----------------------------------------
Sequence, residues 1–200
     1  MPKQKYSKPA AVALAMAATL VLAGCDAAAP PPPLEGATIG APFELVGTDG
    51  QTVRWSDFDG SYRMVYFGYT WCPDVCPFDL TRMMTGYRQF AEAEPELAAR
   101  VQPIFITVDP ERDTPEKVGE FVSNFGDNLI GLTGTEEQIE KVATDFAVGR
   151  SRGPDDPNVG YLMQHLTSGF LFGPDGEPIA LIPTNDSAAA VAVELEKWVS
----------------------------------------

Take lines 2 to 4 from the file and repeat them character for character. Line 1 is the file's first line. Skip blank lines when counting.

     1  MPKQKYSKPA AVALAMAATL VLAGCDAAAP PPPLEGATIG APFELVGTDG
    51  QTVRWSDFDG SYRMVYFGYT WCPDVCPFDL TRMMTGYRQF AEAEPELAAR
   101  VQPIFITVDP ERDTPEKVGE FVSNFGDNLI GLTGTEEQIE KVATDFAVGR